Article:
The treatment of neurotic and psychosomatic disorders has become the domain of certiﬁed therapists trained in clinical psychology (see Sect. 1.5) rather than medicine. These therapists implement psychological diagnostic procedures and therapies such as cognitive and Behavior therapy. A rapidly growing ﬁeld in the health services is health psychology that designs, conducts, and validates programs of disease prevention (e.g., dental care, breaking nicotine addiction) and rehabilitation (e.g., after myocardial infarctions).
While all these psychological ﬁelds center on patients, another approach focuses on physicians: medical psychology. Obviously, diagnostic and therapeutic procedures may engender unconventional and emotional interactions between physicians and patients, and the outcome of treatments may depend on the social skills of physicians. Therefore, medical psychology studies and attempts to enhance doctor– patient relationships. For instance, doctors are advised on how to cope with stressful experiences (e.g., death of patients), and with problems of intimacy (e.g., during urological examinations).
There exists a tripartition of psychologically relevant research and practice: (a) generic involvement in topics which various ﬁelds of psychology (e.g., developmental, social psychology) share with other disciplines (e.g., sociology, pedagogy, biology), (b) specializations in object-centered disciplines (e.g., linguistics, ethnology, neurophysiology), and (c) specializations within psychology (e.g., psycholinguistics, cross-cultural psychology, neuropsychology). A complex network of academic disciplines and social service professions has ﬂourished in recent years, and within this network psychology occupies a respectable position with links to a variety of related ﬁelds.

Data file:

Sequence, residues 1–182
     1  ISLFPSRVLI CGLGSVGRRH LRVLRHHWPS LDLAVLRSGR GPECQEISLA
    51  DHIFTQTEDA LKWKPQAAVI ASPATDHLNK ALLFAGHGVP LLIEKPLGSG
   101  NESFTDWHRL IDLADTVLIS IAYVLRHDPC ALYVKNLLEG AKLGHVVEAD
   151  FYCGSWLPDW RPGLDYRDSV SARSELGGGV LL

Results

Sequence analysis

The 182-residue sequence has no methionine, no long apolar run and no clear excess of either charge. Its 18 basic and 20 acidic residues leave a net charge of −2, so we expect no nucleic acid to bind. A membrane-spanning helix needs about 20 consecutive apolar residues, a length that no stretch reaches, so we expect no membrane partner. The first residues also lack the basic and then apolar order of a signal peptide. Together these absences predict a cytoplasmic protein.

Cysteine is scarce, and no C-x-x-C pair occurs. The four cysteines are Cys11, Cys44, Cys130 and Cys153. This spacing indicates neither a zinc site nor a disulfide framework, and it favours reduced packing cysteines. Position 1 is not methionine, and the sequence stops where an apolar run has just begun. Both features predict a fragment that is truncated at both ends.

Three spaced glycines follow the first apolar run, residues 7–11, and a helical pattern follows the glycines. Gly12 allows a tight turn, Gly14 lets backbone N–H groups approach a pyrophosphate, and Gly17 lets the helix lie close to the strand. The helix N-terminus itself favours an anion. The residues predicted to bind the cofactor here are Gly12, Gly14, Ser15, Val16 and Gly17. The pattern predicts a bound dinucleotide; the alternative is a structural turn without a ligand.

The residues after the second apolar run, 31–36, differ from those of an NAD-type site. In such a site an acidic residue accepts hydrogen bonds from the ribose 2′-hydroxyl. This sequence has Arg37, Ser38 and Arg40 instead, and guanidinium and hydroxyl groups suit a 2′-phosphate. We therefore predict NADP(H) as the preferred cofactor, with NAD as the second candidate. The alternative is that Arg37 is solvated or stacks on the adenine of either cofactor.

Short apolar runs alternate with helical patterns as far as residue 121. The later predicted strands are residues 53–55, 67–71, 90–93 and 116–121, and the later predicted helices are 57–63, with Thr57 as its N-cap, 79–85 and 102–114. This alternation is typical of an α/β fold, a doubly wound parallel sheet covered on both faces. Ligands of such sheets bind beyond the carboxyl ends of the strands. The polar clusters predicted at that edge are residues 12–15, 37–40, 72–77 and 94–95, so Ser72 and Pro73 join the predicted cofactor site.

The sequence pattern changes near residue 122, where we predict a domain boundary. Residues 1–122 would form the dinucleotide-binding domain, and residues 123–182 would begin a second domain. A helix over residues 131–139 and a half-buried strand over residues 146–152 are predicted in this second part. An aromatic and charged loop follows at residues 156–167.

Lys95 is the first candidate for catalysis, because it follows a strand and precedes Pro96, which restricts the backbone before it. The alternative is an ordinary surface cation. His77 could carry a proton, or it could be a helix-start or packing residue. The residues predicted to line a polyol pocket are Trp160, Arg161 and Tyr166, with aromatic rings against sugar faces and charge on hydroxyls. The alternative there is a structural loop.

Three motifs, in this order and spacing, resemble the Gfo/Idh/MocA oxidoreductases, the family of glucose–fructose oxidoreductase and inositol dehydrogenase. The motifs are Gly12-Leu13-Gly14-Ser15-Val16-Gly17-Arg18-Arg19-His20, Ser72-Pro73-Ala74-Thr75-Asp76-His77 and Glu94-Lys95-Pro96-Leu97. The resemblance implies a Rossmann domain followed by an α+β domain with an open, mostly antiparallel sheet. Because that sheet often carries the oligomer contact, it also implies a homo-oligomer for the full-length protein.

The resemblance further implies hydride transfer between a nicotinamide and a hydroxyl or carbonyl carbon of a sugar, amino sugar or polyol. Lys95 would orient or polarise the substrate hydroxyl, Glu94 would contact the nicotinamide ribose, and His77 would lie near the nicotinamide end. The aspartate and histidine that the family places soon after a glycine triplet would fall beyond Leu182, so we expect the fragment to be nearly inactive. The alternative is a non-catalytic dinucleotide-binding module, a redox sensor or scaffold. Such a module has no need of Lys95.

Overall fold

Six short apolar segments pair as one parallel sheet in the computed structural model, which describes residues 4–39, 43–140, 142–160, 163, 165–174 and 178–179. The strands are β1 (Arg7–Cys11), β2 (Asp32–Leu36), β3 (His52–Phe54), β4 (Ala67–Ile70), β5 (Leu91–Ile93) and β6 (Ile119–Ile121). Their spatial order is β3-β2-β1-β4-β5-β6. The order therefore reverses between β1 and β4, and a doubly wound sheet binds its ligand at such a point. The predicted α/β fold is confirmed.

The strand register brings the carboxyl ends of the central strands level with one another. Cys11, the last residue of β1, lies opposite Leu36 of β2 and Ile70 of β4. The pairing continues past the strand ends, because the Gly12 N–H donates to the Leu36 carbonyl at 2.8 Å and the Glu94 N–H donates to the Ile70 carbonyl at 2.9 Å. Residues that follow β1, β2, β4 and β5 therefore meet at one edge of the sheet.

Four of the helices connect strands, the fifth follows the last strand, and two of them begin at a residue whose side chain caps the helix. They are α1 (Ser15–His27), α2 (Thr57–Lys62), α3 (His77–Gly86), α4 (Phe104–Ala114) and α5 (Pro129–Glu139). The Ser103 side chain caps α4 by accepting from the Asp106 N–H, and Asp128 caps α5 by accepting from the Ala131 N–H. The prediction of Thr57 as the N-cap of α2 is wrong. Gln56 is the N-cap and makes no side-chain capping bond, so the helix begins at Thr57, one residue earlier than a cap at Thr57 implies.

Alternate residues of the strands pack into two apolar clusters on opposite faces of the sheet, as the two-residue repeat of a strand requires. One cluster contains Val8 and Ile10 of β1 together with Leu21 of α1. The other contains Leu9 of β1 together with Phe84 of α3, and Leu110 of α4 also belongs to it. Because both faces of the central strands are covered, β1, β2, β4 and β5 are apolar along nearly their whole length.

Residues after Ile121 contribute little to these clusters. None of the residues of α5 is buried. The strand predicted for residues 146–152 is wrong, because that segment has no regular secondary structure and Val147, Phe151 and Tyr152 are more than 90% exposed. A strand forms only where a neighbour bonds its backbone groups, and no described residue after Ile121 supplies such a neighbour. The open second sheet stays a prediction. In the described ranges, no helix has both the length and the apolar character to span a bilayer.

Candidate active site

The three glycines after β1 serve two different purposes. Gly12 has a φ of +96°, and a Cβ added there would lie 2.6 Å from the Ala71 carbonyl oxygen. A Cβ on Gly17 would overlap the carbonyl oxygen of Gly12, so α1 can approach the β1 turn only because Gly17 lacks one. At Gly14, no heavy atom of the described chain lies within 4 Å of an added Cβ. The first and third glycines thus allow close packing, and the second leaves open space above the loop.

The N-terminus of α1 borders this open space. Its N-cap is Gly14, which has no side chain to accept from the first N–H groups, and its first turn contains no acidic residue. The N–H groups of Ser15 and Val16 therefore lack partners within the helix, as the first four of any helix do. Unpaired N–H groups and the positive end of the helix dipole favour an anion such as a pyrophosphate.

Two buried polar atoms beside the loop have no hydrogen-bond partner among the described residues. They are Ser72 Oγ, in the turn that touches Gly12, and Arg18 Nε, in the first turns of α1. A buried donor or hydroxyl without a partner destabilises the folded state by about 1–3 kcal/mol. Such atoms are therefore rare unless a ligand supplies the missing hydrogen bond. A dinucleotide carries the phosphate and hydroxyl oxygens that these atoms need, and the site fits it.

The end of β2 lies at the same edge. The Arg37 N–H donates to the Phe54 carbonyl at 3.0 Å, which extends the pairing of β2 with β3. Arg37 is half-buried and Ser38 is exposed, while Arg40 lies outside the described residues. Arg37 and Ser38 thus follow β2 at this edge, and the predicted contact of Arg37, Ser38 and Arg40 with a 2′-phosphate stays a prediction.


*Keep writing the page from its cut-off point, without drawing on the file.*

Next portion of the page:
However, the existing interdisciplinary network has also been criticized on the grounds of insuﬃcient cooperation and of causing paralyzing conﬂicts. In particular, overlapping research in psychology and other independent disciplines has been indicted as a waste of resources. Why must there be linguistics and psycholinguistics, ethnology and cross-cultural psychology, neurophysiology and neuropsychology, organizational psychology and sociology, pedagogy and educational psychology, etc.? There are voices that advocate a re-integration of the presently diverging branches of the humanities, the social and the natural sciences. Some view psychology as the designated leader in this movement. Presently, however, the vision of a department of psychology pervading the entire university is highly unrealistic.
In regard to interdisciplinary integration, the attitudes diverge also within psychology itself. Some psychologists pride themselves in the academic and professional identity which psychology has achieved by its own methodological and theoretical approaches, and therefore stand opposed to a comprehensive integration, while others emphasize the beneﬁts to be gained by merging resources with related disciplines. Two new interdisciplinary ﬁelds are exemplary for the movement towards integration: cognitive science and neuroscience. The highly sophisticated methodology of these disciplines (e.g., computer technology, high-resolution measurements of brain processes) may provide answers to fundamental psychological problems and may facilitate the development of revolutionary practical applications (e.g., decoding the memory traces in the brain could advance more eﬀective learning procedures). However, major objections against a full integration of psychology into the new ﬁelds of cognitive science and neuroscience remain: mind may be more than a complex web of biological and technical structures and processes.